International Journal of Production Economics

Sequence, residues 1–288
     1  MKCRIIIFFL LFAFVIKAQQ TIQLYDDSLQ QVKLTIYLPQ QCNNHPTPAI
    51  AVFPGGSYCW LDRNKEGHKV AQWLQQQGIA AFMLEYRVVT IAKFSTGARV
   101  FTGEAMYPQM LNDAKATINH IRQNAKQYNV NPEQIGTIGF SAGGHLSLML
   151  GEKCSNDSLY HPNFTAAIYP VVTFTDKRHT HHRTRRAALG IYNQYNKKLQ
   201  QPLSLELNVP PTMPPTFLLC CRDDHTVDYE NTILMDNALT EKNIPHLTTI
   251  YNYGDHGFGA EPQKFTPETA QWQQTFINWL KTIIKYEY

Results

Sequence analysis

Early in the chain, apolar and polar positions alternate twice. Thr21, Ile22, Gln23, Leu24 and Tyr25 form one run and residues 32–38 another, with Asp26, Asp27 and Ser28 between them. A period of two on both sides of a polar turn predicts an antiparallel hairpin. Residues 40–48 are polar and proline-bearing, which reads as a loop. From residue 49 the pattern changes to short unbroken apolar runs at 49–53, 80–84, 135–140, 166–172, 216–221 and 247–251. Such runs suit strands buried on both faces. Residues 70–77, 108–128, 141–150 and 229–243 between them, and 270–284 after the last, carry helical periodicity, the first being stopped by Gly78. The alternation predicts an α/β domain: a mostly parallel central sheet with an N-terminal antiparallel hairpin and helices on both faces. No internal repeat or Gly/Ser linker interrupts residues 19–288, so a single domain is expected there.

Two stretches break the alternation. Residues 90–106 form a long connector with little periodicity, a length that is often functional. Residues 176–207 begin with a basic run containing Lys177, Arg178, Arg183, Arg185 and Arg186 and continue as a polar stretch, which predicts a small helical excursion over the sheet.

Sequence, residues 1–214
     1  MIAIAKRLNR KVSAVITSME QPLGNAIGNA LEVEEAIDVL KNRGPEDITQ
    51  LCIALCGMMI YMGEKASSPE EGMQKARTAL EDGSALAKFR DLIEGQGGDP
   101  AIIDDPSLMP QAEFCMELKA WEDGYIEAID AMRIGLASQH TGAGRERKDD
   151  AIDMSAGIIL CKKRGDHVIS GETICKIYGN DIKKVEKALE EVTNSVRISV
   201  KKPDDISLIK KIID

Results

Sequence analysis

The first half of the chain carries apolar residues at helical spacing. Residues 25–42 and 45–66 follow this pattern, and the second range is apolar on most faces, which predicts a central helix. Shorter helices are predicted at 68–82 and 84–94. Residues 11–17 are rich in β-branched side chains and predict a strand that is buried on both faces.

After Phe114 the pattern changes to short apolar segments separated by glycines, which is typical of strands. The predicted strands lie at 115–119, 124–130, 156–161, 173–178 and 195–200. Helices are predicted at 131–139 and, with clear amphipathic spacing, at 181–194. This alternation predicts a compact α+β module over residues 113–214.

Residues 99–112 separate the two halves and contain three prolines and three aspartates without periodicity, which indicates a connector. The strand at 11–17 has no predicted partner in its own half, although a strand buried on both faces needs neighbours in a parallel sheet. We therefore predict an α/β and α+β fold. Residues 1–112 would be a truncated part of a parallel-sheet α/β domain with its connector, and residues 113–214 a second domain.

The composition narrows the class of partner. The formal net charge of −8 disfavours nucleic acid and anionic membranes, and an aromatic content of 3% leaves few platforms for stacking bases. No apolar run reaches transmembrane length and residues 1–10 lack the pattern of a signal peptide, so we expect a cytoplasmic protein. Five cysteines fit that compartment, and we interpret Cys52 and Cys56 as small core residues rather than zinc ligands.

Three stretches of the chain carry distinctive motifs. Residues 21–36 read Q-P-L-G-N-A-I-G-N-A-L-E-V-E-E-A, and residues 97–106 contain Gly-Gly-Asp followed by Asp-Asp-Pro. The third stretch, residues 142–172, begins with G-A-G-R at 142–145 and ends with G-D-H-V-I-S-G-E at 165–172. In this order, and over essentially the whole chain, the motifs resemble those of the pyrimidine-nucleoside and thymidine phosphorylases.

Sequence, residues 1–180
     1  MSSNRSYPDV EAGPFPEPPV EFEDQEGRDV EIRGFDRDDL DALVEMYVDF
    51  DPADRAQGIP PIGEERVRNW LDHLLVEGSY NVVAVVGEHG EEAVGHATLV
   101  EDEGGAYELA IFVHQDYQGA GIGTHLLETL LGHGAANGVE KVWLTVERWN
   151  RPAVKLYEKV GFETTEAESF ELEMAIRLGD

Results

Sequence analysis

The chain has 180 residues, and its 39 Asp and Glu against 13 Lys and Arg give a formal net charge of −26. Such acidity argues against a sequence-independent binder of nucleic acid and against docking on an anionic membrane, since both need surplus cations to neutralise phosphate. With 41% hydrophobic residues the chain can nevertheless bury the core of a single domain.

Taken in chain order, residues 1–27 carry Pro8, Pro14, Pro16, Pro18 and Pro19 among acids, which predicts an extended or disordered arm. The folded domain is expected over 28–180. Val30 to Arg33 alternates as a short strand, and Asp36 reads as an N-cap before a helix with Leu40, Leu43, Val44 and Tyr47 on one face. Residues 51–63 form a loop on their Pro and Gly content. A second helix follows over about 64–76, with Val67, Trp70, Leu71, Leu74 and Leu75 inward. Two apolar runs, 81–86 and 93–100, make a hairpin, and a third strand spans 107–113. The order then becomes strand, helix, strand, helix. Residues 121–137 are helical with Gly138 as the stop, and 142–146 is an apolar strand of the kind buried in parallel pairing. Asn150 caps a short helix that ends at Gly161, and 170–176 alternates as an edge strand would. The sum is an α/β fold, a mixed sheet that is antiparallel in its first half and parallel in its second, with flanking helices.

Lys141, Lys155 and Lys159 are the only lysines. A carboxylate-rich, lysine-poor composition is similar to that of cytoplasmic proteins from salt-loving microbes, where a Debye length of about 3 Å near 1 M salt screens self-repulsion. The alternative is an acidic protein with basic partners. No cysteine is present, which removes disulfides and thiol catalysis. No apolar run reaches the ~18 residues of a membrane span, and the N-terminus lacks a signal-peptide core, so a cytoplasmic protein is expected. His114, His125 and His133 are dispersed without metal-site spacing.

There are conflicting arguments about the relationship between quality management (QM) and innovation. Few studies have considered the role of organization context in influencing QM for innovation achievement. Taking a multi-dimensional view of QM, this study develops a research framework that examines relationships among organization contextual factors (centralization of authority and integration between functions), two dimensions of QM (hard QM and soft QM), and innovation performance (speed of new product introduction and product innovativeness). Survey data were collected from 238 plants in three industries across eight countries, and structural equation modeling was used to test the framework. Our results indicate that two QM dimensions respectively mediate the effect of contextual factors on innovation performance. Hard QM directly influences speed of new product introduction, while soft QM directly influences product innovativeness. Centralization of authority facilitates hard QM but impedes soft QM, while a high level of integration between functions is favorable to both hard QM and soft QM. A decentralized structure combined with strong integration between functions is beneficial for fostering product innovativeness through soft QM. Some other managerial implications are discussed in this study as well.